Consider all outcomes

It is very easy for a commercially minded individual to only see the upside on a business agreement or transaction and to ignore the pitfalls, they are focused on only a couple of key measures, (often sales growth and profitability). Deals are often done with customers and suppliers of which there has more then likely been a relationship built up over time with a certain level of trust. Whilst this can smooth a negotiation process this is not the basis in which to build a lasting commercial agreement.

In today’s world it is a fact that people are moving roles and leaving organisations far quicker than they once did, organisations often encourage progression and transferring of individual’s to fast track their development. This is great for the individuals and the company but not great for a commercial arrangement that has been built on trust alone. Even though they may not like to admit it, commercial leaders need in-house counsel to take a detached view of the situation and remove the emotion which is very difficult for the commercial individual to do at times. We have all witnessed conversations and statements along the lines of ‘its ok, Dave and I know the score, although it’s in the agreement it won’t come to that as we know how to work things out between us’. Legal counsel can take a pragmatic look at all their potential issues and what-if scenarios, ultimately leading to an agreement that stands up to organisational changes that are now inevitable.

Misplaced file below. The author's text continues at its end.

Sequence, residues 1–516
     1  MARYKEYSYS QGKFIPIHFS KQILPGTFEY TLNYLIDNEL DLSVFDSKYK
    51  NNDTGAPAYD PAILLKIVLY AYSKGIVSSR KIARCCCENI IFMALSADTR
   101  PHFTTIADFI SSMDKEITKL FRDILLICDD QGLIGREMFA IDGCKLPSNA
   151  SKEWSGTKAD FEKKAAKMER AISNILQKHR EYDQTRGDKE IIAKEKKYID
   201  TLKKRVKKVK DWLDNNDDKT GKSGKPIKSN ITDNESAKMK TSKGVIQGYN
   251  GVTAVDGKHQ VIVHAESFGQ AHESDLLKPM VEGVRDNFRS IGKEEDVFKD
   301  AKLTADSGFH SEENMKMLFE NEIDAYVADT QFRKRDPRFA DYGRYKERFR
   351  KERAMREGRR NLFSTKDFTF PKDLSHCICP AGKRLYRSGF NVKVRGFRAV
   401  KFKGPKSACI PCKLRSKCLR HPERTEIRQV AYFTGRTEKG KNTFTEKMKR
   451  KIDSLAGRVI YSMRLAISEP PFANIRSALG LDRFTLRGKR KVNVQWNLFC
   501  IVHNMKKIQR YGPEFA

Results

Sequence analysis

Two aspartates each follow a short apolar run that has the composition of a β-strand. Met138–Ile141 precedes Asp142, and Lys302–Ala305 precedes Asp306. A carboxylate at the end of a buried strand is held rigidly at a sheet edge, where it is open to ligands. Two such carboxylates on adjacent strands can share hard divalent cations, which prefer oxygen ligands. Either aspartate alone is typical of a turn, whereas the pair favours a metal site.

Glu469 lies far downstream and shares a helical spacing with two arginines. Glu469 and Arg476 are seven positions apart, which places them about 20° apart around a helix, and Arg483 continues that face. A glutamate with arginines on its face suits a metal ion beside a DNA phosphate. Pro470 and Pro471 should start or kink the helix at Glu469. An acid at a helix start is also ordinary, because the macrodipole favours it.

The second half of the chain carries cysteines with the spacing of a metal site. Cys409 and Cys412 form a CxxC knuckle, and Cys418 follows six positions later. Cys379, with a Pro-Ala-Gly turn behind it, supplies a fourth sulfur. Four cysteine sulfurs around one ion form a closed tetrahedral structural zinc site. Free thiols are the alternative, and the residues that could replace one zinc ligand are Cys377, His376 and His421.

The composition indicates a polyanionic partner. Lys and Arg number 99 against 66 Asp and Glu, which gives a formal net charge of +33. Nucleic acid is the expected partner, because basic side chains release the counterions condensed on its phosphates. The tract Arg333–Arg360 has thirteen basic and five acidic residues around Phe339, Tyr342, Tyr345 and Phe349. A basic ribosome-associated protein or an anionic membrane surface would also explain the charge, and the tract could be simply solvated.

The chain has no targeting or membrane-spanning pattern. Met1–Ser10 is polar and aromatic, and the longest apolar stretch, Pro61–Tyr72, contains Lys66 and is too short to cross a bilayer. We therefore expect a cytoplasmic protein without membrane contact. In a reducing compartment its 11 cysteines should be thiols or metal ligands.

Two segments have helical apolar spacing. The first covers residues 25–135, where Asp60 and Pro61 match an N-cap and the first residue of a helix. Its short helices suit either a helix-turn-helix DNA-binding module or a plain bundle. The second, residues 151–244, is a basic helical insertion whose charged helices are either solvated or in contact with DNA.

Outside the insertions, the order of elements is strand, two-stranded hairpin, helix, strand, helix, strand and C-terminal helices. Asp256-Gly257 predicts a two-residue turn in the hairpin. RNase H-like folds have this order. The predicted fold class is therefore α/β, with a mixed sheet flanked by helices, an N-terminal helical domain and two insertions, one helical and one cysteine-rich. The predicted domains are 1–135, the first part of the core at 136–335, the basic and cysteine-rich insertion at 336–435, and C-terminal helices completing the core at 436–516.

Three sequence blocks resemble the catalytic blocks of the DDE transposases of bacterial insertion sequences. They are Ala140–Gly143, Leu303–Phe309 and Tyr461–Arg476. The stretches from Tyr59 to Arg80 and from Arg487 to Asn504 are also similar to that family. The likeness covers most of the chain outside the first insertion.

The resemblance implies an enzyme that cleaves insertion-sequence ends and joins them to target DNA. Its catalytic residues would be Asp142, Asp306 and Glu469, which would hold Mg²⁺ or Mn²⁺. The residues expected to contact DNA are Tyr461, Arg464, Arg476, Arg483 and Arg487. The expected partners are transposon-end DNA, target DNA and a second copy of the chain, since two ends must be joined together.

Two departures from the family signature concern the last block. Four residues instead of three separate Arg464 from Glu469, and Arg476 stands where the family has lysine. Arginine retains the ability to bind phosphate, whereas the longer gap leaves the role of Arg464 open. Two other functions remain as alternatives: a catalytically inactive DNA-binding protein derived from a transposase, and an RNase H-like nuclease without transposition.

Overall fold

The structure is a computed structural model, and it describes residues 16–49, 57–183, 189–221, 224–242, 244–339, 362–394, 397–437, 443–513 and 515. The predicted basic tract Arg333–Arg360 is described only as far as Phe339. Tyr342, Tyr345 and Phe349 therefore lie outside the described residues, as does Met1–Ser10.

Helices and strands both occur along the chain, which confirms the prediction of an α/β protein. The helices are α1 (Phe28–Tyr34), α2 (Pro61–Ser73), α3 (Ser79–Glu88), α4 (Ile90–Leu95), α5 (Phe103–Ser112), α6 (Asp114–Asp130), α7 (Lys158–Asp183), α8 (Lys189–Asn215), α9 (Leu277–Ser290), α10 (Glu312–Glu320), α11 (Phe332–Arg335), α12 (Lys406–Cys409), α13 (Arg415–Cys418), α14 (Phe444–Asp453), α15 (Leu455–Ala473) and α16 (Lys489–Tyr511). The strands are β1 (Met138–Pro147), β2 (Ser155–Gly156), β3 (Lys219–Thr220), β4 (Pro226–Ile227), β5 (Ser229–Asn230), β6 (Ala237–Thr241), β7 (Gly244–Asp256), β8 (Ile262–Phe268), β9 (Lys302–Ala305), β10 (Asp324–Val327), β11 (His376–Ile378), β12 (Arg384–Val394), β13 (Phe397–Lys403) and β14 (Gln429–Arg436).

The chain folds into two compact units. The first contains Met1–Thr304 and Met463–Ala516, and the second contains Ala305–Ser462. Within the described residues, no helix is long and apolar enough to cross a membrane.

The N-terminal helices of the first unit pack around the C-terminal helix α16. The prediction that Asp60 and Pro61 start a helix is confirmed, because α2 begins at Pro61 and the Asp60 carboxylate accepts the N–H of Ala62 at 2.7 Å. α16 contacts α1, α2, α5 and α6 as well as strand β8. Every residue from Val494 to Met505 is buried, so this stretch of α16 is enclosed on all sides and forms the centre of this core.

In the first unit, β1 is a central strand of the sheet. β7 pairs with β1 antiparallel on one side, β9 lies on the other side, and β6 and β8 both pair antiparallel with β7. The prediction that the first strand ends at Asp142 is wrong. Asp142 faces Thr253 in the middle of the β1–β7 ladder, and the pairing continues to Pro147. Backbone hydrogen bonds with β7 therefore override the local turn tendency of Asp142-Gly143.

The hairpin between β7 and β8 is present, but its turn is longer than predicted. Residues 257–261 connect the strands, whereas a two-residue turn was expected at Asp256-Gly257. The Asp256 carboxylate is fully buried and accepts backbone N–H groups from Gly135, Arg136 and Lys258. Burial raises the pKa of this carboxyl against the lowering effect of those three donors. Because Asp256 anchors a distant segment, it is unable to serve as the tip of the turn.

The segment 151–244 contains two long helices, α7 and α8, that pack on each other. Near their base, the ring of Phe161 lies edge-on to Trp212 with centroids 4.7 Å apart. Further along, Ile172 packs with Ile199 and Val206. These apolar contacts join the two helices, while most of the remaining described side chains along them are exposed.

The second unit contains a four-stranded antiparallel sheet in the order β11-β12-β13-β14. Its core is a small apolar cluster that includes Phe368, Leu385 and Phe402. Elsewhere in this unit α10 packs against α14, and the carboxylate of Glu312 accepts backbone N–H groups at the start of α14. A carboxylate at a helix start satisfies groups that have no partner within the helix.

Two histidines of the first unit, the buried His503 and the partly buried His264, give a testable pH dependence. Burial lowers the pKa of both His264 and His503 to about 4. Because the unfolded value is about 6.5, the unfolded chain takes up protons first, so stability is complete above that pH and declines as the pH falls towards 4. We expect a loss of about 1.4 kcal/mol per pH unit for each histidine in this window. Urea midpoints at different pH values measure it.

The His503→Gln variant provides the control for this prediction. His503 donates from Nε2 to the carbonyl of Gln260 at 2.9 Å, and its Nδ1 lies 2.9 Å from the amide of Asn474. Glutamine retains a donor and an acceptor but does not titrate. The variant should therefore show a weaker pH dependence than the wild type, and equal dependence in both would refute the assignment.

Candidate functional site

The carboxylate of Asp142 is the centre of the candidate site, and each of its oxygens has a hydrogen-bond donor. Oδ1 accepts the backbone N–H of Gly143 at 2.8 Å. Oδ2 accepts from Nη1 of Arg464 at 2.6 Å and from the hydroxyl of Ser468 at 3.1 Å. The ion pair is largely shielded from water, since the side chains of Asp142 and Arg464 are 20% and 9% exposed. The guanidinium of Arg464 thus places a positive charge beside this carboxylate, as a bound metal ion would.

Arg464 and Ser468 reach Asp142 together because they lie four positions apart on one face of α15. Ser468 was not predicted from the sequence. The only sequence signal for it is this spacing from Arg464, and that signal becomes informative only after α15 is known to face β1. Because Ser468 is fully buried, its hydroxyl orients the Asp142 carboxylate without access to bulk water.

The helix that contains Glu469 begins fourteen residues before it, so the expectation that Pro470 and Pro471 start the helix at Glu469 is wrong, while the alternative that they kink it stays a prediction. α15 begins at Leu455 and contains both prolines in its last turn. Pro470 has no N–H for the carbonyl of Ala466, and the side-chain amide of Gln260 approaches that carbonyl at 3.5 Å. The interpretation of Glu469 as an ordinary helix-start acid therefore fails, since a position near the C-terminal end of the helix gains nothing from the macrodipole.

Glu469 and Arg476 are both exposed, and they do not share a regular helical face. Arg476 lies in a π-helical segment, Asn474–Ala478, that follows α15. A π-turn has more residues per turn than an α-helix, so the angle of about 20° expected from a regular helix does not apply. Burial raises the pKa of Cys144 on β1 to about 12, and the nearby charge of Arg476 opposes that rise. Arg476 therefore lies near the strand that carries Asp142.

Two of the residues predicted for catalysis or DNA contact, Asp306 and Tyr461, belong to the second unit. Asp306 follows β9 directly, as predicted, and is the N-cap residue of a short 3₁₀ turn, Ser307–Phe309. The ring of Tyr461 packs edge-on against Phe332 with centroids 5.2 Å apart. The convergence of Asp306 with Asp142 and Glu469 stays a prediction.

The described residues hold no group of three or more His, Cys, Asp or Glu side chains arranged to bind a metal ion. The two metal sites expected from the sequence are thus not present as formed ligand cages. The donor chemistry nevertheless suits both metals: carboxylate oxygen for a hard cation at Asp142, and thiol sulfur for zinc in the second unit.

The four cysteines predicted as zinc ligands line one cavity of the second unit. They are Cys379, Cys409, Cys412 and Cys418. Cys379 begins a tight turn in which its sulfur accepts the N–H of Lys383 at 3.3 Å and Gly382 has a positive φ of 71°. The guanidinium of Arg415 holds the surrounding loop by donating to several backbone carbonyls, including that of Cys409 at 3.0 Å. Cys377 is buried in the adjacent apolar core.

Be a patient and commercial business partner

Jargon. There is lots of it about. The expression of legal jargon has been around for a long time and is often used to express things that people don’t understand or they are simply not particularly interested in. Commercial transactions and agreements are becoming longer and far more complex as each party seeks to cover all options and every eventuality. Customers want guarantee of supply at a fixed price and suppliers want certain volumes and to know what standard the volume us being delivered to. The sentences and wording are often complex and challenging for the layperson. The commercial team needs an in-house counsel that can be patient and put these expressions and wording into a format they can understand, they need their legal partner to make it real for them.

In-house counsel need to be patient in advising the commercial team, the key word here is advise, which is defined as ‘offering suggestions about the best course of action to someone’. It should never be a dictation as to what should happen but instead a supportive approach in outlining the key elements of the agreement and what this means or could mean for the organisation. It is easy to get entangled in the competitive spirit of negotiation and the commercial team need the in-house counsel to be the voice of reason, pull back on negotiations when required, and to understand that this pulling back wont always be well received.